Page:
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Elections Democrats

  • Barack Obama and Mitt Romney

    A new study shows that the choice of President doesn't matter much for the course of income inequality in America.

  • Donald Trump

    If President Obama doesn't produce a strong performance at Tuesday night's debate, he can kiss the election goodbye, Donald Trump told CNBC's “Squawk Box.”

  • Could a Romney Win Hurt Investors in Green Energy?

    An Obama re-election could mean a continuation of subsidies for wind and solar power. Would Mitt Romney turn off the spigot if he wins?

  • Trump: More Pressure on Obama Than Romney

    Donald Trump, Chairman & President of the Trump Organization, weighs in on tonight's presidential debate; JNJ's earnings; and Apple's stock price.

  • What Do Voters Want?

    David Walker, Comeback America Initiative CEO, discusses his five week bus tour talking to Americans about restoring fiscal sanity in the government and what they want from elected officials.

  • Presidential Debates: Round 2 Tonight

    CNBC's John Harwood provides a preview of tonight's presidential debate and the likely strategy of both candidates.

  • Round 2: Obama vs. Romney

    President Obama and Governor Romney prepare for Tuesday night's debate.

  • pizza_200.jpg

    Pizza Hut is rethinking its contest daring people to ask "Sausage or Pepperoni?" at the presidential debate Tuesday.

  • Grover Norquist, president of Americans for Tax Reform (ATR).

    Grover Norquist, president of the Americans for Tax Reform, told CNBC that spending cuts—not higher taxes—are what's needed to fix the country's fiscal problems.

  • Tampa, Florida

    Republican Florida governor Rick Scott tells CNBC the Federal government should take cues from Florida's lower taxes and streamlined regulations  if it wants to jump start job creation.

  • Kaminsky Decodes VP Debate

    CNBC's Gary Kaminsky on last night's debate.

  • Facts Are Center Stage in Vice Presidential Debate

    In the second debate of the 2012 general election campaign—the only debate between the Vice Presidential candidates—the facts themselves became one of the issues.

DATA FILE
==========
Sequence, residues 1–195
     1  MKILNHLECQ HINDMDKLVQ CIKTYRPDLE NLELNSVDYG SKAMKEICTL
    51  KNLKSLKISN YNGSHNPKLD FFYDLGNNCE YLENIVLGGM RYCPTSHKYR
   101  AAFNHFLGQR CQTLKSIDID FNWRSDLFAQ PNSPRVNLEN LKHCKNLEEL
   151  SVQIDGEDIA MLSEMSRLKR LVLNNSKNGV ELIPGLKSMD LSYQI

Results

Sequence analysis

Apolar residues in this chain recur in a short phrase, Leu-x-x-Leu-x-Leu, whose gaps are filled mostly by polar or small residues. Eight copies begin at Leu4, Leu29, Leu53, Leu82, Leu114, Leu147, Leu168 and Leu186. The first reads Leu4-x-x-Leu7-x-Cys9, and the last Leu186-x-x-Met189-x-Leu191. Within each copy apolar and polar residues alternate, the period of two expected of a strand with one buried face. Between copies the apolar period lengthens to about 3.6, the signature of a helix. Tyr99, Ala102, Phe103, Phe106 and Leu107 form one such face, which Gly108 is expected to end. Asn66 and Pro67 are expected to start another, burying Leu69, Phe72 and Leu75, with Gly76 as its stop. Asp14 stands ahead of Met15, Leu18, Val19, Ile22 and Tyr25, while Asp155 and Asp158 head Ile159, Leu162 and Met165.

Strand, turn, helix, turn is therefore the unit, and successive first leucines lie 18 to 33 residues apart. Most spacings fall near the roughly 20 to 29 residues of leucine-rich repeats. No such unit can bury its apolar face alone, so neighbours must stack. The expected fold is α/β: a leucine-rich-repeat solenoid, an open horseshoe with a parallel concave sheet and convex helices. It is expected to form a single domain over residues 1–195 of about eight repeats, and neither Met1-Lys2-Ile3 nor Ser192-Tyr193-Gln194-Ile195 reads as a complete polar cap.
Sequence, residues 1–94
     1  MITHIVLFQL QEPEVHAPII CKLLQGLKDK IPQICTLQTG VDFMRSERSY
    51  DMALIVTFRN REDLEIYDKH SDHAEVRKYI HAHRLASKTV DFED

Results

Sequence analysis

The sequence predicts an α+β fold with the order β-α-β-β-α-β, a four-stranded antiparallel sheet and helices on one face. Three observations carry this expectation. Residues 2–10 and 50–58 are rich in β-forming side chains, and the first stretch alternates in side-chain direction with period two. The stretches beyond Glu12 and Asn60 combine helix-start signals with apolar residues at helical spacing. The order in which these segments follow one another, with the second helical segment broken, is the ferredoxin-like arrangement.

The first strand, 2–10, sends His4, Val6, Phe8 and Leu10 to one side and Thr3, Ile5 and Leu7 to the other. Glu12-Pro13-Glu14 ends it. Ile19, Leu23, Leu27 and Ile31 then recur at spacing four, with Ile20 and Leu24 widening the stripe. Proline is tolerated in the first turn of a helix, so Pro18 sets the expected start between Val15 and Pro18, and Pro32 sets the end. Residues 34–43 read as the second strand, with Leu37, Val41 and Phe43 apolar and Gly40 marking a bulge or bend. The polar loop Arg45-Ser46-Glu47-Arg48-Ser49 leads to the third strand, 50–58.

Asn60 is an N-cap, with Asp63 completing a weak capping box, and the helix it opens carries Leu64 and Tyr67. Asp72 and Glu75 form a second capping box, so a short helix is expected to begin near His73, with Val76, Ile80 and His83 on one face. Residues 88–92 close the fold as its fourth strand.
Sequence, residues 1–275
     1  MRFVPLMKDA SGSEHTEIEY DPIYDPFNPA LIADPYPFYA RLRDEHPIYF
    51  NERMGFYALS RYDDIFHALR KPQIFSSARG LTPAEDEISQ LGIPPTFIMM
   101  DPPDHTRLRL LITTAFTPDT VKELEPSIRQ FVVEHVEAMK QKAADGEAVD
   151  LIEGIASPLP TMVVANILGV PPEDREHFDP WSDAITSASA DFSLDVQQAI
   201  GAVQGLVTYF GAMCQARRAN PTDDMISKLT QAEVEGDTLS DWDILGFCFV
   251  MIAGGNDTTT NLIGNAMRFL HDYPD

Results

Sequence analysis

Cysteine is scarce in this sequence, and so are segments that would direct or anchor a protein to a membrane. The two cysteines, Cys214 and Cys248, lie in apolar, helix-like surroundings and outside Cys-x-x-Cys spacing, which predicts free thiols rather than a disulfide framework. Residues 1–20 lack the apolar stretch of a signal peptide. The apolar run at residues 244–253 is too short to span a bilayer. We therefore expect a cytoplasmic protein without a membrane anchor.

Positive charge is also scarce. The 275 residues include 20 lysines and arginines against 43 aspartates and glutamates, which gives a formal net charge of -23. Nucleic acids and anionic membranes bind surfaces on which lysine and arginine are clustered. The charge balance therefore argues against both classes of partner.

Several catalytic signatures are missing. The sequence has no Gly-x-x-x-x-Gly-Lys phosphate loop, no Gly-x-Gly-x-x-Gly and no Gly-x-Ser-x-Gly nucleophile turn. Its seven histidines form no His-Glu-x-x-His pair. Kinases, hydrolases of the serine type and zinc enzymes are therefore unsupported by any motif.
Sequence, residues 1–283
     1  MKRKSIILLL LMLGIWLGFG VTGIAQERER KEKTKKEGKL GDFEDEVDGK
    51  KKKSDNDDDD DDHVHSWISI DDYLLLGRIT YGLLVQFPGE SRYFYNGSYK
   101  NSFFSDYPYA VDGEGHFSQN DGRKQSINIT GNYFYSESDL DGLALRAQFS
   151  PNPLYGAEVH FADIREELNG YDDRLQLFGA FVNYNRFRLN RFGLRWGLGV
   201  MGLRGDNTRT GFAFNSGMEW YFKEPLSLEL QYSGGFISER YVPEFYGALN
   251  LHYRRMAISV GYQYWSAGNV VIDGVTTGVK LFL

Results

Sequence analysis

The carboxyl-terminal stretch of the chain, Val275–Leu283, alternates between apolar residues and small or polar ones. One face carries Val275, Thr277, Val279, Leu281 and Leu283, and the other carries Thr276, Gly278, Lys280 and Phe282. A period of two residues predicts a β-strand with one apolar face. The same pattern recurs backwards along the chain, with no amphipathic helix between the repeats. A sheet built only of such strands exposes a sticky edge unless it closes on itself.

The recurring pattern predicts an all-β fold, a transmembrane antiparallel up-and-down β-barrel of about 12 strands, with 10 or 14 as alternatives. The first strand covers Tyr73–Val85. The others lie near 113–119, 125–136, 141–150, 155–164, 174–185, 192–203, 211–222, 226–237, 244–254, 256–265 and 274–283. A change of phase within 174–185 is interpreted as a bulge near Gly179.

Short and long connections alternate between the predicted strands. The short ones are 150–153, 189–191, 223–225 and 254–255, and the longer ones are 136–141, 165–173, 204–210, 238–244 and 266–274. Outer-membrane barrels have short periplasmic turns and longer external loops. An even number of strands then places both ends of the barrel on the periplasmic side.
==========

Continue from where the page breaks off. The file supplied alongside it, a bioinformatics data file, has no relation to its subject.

• Five Players Who Can Drive Us Over the ‘Fiscal Cliff’

    As the presidential election campaign grinds into November, Republican and Democratic lawmakers are busily hammering their own pitons into the fiscal cliff — staking out routes that could either force compromise or snap the economy’s safety lines.

  • VP Debate: Sparring Over Stimulus

    CNBC's John Harwood offers a recap of last night's vice presidential debate between Joe Biden and Paul Ryan.

  • U.S. Sen. John McCain (R-AZ)

    Thanks to the Federal Reserve, Jamie Dimon and the Obama administration, the U.S. economy is “bleeding”, John McCain, the Republican Senator from Arizona and former presidential candidate, told CNBC.

  • Keeping the Candidates Honest

    CNBC's Scott Cohn fact-checks tonight's debate and discussing who won the debate, with David Walker, Comeback American Initiative, and Jim Sinegal, Costco founder, explains why he believes President Obama would be better for business.

  • Post Vice Presidential Debate Reaction

    CNBC's John Harwood and Larry Kudlow weigh in with post-debate reaction and how strong each nominee came across, with Keith Boykin, Democratic strategist; Jared Bernstein, former VP Biden adviser; and Sara Fagen, former White House political director.

  • Closing Statements from VP Nominees

    Vice President Biden says the administration inherited a bad situation, and defends the President's record. Rep. Paul Ryan said the Obama plan has not worked and it is not what a real recovery looks like, and that Mitt Romney would provide more jobs.

  • Negative Political Ads Bother Veteran

    Are you embarrassed by the tone of your negative ads? Vice President Biden and Rep. Paul Ryan defend their campaigns.

  • Personal Religious Beliefs and Abortion

    How has your personal religious beliefs impacted your position on abortion? Rep. Paul Ryan defends his pro-life position, and Vice President Biden says he will not impose his religious beliefs on other people.